Elaine Stritch: I consider I’m a – that I’m a running part as now. But I – no, I don’t think it’s a good thing to have her overkill for mother. I think she should come on once in a while. One or two or possibly three shows a season. That’s enough. That’s enough for me, but not just because I don’t want to do more. It’s enough because I think taste-wise it’s the best thing to do with her.
She comes on every once in a while, raises hell, you know, changes the whole atmosphere and leaves for a while. And I think that makes her not the boring mother, you know what I mean? She just floats into New York with her furs and diamonds and tries to straighten him out a little bit. And then she leaves. And I live that about the part. I like this because you want her. When is Colleen coming back? I love to hear that.
Like you mentioned before, Alec Baldwin, he has a way with women. He’s a good-looking man. He’s definitely charming. He’s got an abundance. But you’re his mom. I mean is there any moments and you’re like, “Oh man, that is a handsome man?”
Elaine Stritch: Well of course, absolutely. Absolutely. I’m, you know, I’m getting up in years. That doesn’t change anything in that department. Well, you have to behave yourself a little better than one would if I were, you know, a closer to his age. But he is a lovable guy — he really is. And humor up the whazoo. He’s so, so full of humor that it’s delightful to be around him. And he’s very smart. He’s very smart. And in many ways — I don’t want to go overboard praising Alec Baldwin, but many ways he’s a pain in the ass.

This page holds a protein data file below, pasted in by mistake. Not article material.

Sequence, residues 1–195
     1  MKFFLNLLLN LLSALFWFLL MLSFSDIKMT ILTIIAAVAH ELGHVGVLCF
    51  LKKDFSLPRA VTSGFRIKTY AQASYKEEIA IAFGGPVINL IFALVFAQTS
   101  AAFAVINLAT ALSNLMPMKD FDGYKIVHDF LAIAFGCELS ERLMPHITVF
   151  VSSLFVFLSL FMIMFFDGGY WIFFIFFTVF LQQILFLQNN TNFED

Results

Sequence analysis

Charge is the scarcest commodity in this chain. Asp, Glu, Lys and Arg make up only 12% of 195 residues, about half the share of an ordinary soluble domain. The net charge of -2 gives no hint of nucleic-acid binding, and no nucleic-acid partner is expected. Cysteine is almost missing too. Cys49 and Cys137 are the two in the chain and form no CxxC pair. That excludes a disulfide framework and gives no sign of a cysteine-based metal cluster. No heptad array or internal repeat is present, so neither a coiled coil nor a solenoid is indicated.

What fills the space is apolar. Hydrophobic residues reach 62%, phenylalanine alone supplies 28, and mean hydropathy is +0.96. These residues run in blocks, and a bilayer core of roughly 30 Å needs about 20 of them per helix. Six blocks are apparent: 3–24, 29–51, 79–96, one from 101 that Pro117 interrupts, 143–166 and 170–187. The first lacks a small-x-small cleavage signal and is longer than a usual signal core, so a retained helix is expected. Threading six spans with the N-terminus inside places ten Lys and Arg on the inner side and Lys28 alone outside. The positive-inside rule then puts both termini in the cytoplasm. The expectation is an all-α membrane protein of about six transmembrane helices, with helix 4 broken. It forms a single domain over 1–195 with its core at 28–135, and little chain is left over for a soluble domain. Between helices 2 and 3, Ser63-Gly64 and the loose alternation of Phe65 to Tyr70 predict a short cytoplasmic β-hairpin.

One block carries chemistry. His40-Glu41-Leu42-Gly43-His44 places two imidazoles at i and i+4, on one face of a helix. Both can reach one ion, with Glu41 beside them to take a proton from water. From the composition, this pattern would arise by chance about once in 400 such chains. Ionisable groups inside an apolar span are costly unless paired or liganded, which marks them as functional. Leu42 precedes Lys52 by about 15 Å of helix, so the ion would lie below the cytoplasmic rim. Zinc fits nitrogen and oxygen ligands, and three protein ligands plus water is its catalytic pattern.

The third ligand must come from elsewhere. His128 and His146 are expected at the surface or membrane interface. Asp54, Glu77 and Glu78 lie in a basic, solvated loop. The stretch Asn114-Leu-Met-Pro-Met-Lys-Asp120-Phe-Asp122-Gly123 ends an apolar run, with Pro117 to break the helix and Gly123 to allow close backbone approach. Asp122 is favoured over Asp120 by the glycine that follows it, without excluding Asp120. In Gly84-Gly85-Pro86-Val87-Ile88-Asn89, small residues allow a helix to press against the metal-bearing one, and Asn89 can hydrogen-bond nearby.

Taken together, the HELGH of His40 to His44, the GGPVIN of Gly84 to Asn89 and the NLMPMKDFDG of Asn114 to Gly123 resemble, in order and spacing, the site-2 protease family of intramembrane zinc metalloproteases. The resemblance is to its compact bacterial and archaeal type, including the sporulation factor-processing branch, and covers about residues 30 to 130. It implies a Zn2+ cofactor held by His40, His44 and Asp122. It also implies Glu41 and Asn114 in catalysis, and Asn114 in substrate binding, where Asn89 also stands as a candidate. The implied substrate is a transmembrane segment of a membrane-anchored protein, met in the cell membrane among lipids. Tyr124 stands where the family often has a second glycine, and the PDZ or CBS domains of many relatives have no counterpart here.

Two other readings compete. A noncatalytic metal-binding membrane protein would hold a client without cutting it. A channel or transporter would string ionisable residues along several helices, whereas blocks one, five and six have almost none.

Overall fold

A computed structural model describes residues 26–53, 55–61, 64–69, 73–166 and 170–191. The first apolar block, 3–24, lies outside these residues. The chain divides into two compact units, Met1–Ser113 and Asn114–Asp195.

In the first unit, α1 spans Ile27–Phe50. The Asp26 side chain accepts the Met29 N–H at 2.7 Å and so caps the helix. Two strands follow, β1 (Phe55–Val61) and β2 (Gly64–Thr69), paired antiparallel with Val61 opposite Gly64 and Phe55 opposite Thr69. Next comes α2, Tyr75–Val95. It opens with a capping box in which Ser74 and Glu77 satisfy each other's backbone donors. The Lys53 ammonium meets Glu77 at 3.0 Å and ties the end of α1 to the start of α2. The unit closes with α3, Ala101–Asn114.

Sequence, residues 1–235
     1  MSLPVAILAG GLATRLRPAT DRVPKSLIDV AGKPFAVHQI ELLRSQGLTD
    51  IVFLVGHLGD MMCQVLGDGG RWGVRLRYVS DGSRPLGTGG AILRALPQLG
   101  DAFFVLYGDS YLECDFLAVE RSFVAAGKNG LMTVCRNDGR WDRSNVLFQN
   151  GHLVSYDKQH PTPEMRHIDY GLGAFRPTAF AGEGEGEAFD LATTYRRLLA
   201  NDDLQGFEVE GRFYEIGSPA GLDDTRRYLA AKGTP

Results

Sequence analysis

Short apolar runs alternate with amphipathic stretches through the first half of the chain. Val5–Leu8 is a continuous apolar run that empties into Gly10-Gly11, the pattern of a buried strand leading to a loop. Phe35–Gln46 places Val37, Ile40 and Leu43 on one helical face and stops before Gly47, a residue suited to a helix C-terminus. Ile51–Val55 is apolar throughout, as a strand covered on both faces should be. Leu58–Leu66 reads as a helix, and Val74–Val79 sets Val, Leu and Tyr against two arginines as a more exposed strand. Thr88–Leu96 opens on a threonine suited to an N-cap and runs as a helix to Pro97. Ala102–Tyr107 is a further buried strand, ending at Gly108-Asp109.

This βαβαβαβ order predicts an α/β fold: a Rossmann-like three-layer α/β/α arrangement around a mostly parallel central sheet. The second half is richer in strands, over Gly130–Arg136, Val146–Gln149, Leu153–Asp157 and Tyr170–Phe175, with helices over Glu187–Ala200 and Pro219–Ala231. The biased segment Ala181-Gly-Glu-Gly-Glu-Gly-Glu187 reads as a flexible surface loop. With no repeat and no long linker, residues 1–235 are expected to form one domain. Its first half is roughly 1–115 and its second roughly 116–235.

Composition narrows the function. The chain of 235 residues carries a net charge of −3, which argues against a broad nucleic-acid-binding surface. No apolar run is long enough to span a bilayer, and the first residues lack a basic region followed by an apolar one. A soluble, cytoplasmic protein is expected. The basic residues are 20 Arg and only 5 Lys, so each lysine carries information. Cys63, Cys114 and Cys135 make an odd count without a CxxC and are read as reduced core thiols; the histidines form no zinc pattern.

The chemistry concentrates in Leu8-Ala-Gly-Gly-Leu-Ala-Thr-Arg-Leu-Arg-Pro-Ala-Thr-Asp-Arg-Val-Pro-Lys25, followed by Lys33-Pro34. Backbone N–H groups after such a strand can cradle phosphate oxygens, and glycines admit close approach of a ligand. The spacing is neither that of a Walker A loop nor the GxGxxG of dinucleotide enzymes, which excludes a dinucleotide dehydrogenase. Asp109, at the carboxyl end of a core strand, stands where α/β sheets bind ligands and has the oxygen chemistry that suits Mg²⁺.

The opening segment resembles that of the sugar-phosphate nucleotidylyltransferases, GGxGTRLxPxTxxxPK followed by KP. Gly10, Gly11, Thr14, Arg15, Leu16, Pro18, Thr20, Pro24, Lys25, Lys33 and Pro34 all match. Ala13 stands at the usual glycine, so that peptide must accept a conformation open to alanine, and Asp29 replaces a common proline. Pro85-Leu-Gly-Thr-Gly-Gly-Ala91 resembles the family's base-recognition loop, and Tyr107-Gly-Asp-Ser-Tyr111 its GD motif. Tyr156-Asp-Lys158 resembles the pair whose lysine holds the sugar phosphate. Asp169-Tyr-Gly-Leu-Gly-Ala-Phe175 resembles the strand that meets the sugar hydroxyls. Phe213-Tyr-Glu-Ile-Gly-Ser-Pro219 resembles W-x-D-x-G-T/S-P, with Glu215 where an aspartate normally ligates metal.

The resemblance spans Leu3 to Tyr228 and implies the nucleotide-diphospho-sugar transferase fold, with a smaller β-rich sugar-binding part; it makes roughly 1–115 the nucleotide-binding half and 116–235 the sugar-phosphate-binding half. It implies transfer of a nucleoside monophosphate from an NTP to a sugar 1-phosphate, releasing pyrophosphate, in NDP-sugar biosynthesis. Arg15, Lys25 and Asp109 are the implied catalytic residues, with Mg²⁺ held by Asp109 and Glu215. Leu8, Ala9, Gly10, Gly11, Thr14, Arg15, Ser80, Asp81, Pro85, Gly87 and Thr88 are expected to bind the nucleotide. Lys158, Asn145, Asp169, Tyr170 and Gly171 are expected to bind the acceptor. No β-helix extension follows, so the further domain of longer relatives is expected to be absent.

And now it is a Mother’s Day episode. And were there any other moms on or did you kind of take on the mom role?
Elaine Stritch: Everybody’s mom came to visit them at NBC, absolutely. They had everybody’s mother, not just Alec’s. And there was a nice show about it at NBC. And all the mother’s got together. And it was a cute idea for the script I thought. I’m sure it’ll – it played well. I hear good things about it.
And what about on set? Like did anybody kind of bring cupcakes or like was there any kind of special mom thing going on even like behind the scenes and stuff?